Tax Break

Essential tax and accounting reading: Politicians and taxes: U.K., French and U.S. editions, NYSE to keep tax break on Grasso pay, Brazilian tax aims to dampen real

In Brazil a new tax on loan sales aims to dampen inflation as prices of food and other consumer staples rise. REUTERS/Nacho Doce

Welcome to the top tax and accounting headlines from Reuters and other sources.

* Parsing Santorum’s proposals. Floyd Norris – The New York Times opinion. Election-year tax rhetoric has never been notable for its frankness. A promise to raise someone’s taxes does not seem particularly likely to win that person’s vote, and no one wants to follow in the footsteps of Walter Mondale, the last major-party nominee to propose a general tax increase. But this year has been worse than any campaign I can remember. The most amazing proposal came from Rick Santorum. He would reduce almost everyone’s taxes. He would slash tax rates for all, his campaign Web site promises, while preserving “deductions for charitable giving, home mortgage interest, health care, retirement savings and children.” Link

* NYSE wins dispute over Grasso pay. Jacob Bunge – The Wall Street Journal. The Internal Revenue Service has backed down from efforts to claw back $161 million in tax deductions taken by the New York Stock Exchange linked to the pay of former Chief Executive Richard Grasso. The IRS in late 2009 sought to disallow deductions taken by the Big Board from 2001 to 2003 for compensation paid to Grasso, and two years ago the exchange’s parent NYSE Euronext challenged the U.S. government on the matter. Grasso led the NYSE for eight years and his $187 million pay package sparked outcry when he departed the exchange in 2003. In October 2011 the IRS determined, following an appeal process, that “there was no deficiency in the tax returns filed by NYSE for the years 2001, 2002 and 2003, thereby resolving the matter in favor of the NYSE,” according to documents filed by the exchange group late Wednesday. Link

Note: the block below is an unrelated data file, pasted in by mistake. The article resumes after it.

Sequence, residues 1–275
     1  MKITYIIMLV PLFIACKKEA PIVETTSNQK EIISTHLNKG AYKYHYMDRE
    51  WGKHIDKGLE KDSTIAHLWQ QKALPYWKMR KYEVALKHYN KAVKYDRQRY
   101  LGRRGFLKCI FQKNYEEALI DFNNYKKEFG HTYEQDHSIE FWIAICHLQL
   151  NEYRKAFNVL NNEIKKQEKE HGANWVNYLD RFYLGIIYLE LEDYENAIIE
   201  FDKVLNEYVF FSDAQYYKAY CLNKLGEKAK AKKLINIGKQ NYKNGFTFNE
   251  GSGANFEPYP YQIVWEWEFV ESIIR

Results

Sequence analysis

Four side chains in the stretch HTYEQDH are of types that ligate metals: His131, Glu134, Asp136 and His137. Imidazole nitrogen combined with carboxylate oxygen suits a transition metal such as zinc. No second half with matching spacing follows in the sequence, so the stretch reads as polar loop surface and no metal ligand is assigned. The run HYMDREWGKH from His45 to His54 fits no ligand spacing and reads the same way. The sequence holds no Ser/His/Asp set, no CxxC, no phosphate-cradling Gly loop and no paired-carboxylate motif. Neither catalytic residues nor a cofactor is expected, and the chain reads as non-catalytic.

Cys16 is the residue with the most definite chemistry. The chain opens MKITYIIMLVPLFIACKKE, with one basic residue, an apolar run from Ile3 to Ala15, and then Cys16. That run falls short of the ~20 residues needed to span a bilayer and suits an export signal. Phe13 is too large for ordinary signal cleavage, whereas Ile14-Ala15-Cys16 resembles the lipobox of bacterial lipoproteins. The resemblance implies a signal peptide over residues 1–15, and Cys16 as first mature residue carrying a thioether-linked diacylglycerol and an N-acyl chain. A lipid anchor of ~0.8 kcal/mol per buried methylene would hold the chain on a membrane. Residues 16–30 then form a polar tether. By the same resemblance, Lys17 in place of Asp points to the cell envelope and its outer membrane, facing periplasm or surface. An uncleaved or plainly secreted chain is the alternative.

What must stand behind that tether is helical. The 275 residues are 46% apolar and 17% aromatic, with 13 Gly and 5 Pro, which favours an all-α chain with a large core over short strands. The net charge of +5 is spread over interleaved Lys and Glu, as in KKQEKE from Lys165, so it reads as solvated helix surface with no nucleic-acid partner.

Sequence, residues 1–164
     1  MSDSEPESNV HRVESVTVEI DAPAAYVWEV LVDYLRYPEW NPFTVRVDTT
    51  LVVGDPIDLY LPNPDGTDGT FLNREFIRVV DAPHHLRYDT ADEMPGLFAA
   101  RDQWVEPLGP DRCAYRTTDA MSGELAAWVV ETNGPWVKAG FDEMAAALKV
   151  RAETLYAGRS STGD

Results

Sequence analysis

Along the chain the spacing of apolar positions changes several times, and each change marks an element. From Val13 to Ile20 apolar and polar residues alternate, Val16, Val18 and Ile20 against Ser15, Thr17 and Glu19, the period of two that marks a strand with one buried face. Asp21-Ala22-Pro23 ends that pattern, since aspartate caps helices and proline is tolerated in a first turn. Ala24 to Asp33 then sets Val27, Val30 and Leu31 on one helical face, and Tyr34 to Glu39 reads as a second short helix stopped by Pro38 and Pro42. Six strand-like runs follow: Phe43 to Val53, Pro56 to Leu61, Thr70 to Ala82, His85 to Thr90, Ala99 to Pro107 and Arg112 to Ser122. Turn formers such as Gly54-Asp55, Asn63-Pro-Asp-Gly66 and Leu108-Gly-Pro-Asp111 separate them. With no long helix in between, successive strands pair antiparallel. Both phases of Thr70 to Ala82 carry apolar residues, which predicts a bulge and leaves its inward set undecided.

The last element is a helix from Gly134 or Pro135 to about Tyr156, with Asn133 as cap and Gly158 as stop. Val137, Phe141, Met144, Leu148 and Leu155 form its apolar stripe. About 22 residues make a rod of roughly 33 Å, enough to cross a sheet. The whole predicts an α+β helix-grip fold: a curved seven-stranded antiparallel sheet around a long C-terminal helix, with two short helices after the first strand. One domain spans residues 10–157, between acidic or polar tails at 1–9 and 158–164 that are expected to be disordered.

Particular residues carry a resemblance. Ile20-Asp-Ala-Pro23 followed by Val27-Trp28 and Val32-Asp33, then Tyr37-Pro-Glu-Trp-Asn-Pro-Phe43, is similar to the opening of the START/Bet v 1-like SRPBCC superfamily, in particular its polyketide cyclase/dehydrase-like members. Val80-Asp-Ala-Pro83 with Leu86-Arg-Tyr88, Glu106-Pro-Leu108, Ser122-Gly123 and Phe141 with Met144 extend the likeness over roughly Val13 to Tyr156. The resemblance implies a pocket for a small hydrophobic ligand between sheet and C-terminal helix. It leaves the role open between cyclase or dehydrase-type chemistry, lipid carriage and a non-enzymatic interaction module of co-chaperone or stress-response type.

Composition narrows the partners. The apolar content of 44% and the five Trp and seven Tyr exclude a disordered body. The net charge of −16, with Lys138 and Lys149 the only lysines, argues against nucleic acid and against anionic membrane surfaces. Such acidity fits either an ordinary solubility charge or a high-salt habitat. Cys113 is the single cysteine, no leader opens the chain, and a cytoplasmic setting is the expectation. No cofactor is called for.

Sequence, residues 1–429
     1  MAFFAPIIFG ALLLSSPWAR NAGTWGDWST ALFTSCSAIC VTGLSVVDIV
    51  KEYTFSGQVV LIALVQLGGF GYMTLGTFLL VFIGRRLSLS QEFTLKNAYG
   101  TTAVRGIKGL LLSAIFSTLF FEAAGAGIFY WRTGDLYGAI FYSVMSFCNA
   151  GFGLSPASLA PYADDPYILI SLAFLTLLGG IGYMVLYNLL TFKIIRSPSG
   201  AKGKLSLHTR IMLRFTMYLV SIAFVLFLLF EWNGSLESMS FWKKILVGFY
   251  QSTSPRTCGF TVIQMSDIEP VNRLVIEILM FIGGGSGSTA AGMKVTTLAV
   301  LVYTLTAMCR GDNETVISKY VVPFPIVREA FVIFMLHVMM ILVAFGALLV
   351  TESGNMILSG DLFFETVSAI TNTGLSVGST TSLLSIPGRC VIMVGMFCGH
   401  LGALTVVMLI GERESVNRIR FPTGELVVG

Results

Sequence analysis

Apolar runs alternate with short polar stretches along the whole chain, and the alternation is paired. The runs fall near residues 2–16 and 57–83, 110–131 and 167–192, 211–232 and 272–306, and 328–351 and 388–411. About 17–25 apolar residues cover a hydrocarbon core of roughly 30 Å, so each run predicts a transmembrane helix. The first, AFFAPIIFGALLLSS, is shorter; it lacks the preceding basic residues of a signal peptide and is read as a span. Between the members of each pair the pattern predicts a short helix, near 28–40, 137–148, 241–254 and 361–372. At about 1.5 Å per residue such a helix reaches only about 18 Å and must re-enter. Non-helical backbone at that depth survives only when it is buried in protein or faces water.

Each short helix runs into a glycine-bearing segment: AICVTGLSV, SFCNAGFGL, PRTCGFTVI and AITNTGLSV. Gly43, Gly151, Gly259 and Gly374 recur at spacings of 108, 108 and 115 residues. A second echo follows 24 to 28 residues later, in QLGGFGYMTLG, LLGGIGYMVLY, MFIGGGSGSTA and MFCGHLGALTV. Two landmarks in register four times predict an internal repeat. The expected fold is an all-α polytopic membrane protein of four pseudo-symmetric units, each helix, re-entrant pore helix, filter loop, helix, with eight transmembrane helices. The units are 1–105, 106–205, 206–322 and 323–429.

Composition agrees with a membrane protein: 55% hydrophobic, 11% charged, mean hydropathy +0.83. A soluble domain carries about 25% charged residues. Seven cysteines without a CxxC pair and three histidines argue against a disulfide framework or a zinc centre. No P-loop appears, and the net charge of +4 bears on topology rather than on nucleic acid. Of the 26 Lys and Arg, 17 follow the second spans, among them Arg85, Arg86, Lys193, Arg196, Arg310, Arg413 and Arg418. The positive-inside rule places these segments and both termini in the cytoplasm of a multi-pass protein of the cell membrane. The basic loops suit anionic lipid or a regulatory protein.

* Osborne to defy calls to remove 50p tax rate. Jim Pickard – The Financial Times. U.K. chancellor George Osborne is to defy calls for the removal of the 50 percent upper rate on income tax and will instead instigate a clampdown on wealthy homeowners in an attempt to demonstrate that the rich cannot avoid Britain’s austerity programme. The chancellor will target people who avoid paying stamp duty when buying a home and is considering a more extensive tax raid on wealthy owners of central London homes. Among ideas being discussed by Tories is a change in the rule that means non-UK residents are exempt from capital gains tax. Mr Osborne’s aides are also still considering a higher council tax band to hit the most affluent homeowners. Link

* Brazil confirms trade financing loan tax to contain real’s gains. Rogerio Jelmayer and Matthew Cowley – The Wall Street Journal. The Central Bank of Brazil late Thursday confirmed it has imposed a 6 percent tax on trade financing loans with maturities of more than one year, in what market participants consider another step to contain the appreciation of the Brazilian real against the U.S dollar. The bank also said that only importers will be allowed to take out such loans. Link

Essential tax and accounting reading: California’s Facebook tax windfall, Big Four in China, GE’s taxes, and more